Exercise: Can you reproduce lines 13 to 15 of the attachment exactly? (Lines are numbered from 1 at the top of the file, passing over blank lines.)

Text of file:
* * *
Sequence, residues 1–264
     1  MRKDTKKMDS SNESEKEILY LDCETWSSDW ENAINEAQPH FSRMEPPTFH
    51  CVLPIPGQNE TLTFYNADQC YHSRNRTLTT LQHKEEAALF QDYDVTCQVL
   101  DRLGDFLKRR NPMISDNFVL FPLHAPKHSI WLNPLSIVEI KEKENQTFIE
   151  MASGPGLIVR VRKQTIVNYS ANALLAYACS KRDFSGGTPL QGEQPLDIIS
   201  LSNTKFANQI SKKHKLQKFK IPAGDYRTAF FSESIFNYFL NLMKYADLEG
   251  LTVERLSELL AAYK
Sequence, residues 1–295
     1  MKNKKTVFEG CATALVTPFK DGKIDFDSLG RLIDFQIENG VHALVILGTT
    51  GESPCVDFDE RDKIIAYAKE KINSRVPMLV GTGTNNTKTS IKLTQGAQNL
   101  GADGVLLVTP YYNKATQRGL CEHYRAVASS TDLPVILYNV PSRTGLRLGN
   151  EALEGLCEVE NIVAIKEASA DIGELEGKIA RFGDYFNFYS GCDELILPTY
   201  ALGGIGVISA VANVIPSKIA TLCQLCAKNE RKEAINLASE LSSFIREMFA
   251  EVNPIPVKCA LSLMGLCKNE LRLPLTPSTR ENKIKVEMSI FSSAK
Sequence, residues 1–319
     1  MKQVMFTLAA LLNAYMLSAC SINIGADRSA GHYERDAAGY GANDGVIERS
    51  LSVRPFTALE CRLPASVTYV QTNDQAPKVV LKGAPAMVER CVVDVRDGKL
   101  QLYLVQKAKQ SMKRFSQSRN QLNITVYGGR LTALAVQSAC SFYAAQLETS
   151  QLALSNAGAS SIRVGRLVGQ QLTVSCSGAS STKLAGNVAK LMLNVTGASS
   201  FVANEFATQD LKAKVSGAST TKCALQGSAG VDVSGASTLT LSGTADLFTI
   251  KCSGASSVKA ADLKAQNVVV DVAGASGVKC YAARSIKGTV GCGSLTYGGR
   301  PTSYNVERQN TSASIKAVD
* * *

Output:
   201  ALGGIGVISA VANVIPSKIA TLCQLCAKNE RKEAINLASE LSSFIREMFA
   251  EVNPIPVKCA LSLMGLCKNE LRLPLTPSTR ENKIKVEMSI FSSAK
Sequence, residues 1–319